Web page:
The National Museum of Archaeology displays an exceptional array of artifacts from Malta’s unique prehistory. The collection is housed in the Auberge de Provence on Republic Street, one of the first buildings to be erected in Valletta after the Great Siege in the late 16th century.
The museum is managed by Heritage Malta.
History The Auberge de Provence was opened as the National Museum in 1958 by Ms Agatha Barbara, then the Minister of Education. The museum originally included the archaeological collection on the ground floor and fine arts on the first floor. The first curator was Captain Charles G. Zammit, the son of the eminent Maltese archaeologist Sir Themistocles Zammit.
In 1974, the fine arts collection was moved to the National Museum of Fine Arts, newly established in the Admiralty House building in South Street, Valletta, and the National Museum was renamed the National Museum for Archaeology.
The museum was refurbished and upgraded in 1998. Artifacts were placed in climate-controlled displays so that the exhibition met with current conservation standards.
Building The Auberge de Provence is a baroque building in Republic Street, Valletta, built for the Knights of Malta in 1571. It was probably designed by the Maltese architect Gerolamo Cassar, who directed the building of most important buildings in the early days of Valletta. The building’s façade is imprinted with Mannerist characteristics usually associated with Cassar.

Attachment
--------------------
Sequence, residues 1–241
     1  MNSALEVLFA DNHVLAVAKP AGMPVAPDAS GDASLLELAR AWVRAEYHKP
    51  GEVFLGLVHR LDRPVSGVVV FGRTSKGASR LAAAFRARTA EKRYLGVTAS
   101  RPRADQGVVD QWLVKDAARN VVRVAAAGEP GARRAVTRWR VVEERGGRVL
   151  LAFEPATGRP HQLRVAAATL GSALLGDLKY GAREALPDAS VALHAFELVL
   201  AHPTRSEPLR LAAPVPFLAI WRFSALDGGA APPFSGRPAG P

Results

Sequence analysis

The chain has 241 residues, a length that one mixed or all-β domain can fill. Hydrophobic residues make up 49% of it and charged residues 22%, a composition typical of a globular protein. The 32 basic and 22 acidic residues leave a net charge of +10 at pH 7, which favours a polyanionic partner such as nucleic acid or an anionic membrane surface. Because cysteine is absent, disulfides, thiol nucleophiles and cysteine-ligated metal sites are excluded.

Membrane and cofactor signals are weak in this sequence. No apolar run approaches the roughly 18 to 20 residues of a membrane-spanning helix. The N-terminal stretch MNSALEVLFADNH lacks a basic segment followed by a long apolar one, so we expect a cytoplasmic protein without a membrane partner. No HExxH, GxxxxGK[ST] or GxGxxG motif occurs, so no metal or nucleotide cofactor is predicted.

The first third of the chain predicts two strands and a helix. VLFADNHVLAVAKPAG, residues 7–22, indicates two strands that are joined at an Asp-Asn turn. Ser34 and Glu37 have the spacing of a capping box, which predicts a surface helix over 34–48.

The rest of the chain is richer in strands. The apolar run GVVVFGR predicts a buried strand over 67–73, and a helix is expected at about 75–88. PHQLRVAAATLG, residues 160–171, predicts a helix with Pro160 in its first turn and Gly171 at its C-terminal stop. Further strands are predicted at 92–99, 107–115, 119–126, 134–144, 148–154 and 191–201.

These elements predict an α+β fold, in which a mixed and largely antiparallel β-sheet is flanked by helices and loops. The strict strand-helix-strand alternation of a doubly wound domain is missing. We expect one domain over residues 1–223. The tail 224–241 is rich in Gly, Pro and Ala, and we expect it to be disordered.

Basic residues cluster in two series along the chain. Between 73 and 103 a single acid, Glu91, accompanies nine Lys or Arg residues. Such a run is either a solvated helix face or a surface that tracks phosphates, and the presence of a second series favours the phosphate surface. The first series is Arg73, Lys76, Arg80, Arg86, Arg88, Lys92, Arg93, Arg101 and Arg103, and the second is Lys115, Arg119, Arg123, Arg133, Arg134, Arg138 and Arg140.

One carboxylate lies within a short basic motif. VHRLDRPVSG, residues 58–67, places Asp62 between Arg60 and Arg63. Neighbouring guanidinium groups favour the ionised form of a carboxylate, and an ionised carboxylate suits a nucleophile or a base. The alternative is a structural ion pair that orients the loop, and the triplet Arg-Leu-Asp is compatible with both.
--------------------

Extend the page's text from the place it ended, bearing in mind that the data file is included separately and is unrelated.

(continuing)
The Grand Salon on the first floor is the most ornate room in the building. The Knights used it for business discussions, and as a refectory and banqueting hall, where they sat at long tables according to seniority.
When Napoleon expelled the Knights from Malta in 1798 the Auberge was leased to the Malta Union Club. Though the lease was to expire in 2002, on 12 August 1955 the Auberge was assigned to house Malta’s National Museum.
Collection The ground floor of the museum exhibits prehistoric artefacts from the Maltese islands, from the Għar Dalam phase (5200 BC), the earliest appearance of settlement on the island, up to the Tarxien phase (2500 BC).